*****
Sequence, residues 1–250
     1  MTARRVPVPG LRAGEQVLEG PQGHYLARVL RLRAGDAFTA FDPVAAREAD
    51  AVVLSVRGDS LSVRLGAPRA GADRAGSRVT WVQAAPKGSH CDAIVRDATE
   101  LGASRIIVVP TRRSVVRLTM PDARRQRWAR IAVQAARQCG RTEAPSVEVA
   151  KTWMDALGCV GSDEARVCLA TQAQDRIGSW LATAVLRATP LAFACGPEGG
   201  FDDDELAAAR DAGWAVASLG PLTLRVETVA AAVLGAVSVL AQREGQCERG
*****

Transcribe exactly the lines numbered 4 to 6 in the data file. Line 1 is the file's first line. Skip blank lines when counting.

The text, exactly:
   101  LGASRIIVVP TRRSVVRLTM PDARRQRWAR IAVQAARQCG RTEAPSVEVA
   151  KTWMDALGCV GSDEARVCLA TQAQDRIGSW LATAVLRATP LAFACGPEGG
   201  FDDDELAAAR DAGWAVASLG PLTLRVETVA AAVLGAVSVL AQREGQCERG